Historically, a runaway airship cannot be caught or entered. Eventually it will come down - they all did so far. Only in one case did a Zeppelin fragment of a ship which broke up in a storm make a soft landing so the crew aboard could survive. In all other cases both ship and crew perished or were never seen again.
While the Zeppelins had vertical shafts which allowed the crew to climb to the top of the hull, a blimp can only be entered below the hull. Trying to lower someone James-Bond-style from above will fail, because the big hull will shield the entry points of the gondola very effectively.
Defensive gunner position on a Zeppelin. Note the square hatch at the bottom which leads down to the bottom of the ship.
Also, shooting it down will be an exercise in futility. All it will do is to increase the rate of helium loss, so the flight will be some hours shorter. Helium is inert and will not burn, and those small holes will be tiny relative to the big surface of the hull.
At 15,000 ft it will be hard to try to catch one of the lines most likely hanging from the blimp with a helicopter. Remember that the blimp floats, so the helicopter has to hover at this altitude. Very few are able to do so. Towing will only be possible with another blimp or a helicopter; an airplane will not be able to fly fast enough with a blimp in tow.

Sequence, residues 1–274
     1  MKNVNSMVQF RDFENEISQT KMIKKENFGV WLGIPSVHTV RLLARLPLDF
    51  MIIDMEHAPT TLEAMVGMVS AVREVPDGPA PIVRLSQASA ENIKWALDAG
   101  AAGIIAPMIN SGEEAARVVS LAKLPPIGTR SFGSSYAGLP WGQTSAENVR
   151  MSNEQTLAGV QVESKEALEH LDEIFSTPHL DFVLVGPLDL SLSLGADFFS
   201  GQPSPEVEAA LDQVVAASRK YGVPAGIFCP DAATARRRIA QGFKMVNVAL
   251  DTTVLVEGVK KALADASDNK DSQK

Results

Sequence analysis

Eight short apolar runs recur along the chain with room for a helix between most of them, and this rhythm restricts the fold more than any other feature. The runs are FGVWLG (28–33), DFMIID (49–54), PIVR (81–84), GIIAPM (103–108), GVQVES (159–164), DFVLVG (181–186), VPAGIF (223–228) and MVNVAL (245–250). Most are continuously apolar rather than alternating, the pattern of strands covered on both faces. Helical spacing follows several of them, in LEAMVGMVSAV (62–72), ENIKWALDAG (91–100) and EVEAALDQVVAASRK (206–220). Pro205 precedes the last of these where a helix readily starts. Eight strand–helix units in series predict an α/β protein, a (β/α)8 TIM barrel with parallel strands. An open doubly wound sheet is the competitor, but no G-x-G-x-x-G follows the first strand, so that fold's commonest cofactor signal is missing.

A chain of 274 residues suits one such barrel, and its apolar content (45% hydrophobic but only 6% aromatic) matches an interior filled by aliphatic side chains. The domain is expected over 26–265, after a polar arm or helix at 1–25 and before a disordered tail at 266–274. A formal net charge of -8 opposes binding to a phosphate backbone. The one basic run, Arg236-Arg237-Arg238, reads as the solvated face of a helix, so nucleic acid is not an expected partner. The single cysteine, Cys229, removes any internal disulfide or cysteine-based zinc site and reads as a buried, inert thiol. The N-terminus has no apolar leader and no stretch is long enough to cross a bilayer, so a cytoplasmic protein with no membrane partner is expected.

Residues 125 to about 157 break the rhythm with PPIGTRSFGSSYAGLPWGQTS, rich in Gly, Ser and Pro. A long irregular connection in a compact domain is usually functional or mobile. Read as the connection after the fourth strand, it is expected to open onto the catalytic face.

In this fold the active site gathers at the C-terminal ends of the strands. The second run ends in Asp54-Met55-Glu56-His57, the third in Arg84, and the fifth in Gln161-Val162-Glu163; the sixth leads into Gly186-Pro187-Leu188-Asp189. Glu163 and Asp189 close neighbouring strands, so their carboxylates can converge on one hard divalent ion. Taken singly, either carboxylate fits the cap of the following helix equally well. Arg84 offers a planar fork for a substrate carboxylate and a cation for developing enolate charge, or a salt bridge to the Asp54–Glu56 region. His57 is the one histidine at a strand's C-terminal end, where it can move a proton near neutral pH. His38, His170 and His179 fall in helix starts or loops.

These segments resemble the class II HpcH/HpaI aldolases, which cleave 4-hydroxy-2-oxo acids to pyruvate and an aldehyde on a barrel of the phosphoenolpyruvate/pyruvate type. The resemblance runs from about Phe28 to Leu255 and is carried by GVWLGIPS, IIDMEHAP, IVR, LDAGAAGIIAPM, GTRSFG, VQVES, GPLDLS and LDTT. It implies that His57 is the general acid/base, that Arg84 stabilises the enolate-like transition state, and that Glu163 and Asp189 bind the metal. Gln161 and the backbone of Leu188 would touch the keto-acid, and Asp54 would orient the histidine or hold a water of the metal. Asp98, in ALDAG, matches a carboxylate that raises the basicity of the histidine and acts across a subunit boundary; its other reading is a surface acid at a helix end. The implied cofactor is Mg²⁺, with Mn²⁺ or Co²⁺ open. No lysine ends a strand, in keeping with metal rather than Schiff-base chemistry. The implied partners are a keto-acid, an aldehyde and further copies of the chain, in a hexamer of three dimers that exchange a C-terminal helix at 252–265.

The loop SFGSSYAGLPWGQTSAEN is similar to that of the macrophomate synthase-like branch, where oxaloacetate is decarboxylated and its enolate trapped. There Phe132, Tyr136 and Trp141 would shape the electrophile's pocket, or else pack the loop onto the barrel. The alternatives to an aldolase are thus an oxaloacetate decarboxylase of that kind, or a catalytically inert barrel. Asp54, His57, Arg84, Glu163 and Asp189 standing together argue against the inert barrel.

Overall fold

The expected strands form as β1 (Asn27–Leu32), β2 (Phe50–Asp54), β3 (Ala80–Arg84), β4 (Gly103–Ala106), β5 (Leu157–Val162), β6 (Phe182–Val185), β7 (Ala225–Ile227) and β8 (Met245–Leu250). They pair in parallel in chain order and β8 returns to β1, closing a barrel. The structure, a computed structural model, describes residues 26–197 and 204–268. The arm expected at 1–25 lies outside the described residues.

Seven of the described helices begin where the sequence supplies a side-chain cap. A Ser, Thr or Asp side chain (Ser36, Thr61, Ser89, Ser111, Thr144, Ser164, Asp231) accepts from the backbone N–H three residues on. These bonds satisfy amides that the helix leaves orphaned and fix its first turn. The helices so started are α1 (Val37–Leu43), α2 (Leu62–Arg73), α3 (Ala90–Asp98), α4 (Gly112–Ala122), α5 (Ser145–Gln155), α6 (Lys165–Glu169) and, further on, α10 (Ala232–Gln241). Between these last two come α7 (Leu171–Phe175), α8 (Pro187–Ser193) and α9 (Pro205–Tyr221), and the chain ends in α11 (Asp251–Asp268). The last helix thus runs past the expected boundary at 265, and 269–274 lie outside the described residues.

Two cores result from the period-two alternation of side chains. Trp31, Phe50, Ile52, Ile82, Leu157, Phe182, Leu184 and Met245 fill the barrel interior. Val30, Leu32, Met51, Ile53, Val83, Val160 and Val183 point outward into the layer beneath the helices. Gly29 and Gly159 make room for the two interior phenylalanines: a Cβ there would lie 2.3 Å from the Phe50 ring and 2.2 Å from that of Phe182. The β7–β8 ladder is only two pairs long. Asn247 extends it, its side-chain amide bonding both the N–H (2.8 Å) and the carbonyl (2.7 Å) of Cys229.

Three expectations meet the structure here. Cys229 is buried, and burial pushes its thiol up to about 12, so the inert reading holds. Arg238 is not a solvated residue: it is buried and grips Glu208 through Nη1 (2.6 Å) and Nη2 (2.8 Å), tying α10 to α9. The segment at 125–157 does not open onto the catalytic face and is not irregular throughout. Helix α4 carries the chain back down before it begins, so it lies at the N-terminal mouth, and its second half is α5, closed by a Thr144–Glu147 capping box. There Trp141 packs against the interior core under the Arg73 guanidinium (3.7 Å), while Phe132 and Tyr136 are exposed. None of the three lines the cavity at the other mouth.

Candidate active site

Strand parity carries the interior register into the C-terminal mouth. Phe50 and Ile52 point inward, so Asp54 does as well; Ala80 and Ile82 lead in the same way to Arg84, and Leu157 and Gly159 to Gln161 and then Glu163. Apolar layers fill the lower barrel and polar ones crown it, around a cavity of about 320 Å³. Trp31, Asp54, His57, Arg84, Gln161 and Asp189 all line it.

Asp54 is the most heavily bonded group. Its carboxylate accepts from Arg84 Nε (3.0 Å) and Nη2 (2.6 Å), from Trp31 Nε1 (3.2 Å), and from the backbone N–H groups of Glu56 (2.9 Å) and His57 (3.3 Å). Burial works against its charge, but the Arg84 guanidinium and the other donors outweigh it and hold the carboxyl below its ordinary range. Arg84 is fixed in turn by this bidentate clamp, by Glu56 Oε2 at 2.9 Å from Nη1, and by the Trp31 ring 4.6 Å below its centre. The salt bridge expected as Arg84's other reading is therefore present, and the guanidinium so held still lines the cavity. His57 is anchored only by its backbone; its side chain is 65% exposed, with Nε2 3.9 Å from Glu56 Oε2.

The next trick depends on the color of the hull: If it is dark, covering it with something highly reflective will cool it and reduce the blimp's buoyancy. I have, however, no idea how to get a big blanket on that thing. The same will happen when night falls, but first the air will cool and the blimp, which will cool down more slowly, will go up. Later in the night and early in the morning it will sink again.
The wet parts of rain clouds will mostly be below 15,000 ft (water content is proportional to air density, after all), so a shower which drenches the hull and makes it heavier is highly unlikely. There is no obvious way how this thing will come down fast. Except, that is, it climbs further and the hull bursts. This will change the dynamics of this escape in a dramatic way.
The chase planes will help ATC to route traffic around the blimp, and all that can be done is to watch it. With luck the landing will be soft enough that it is not a complete write-off.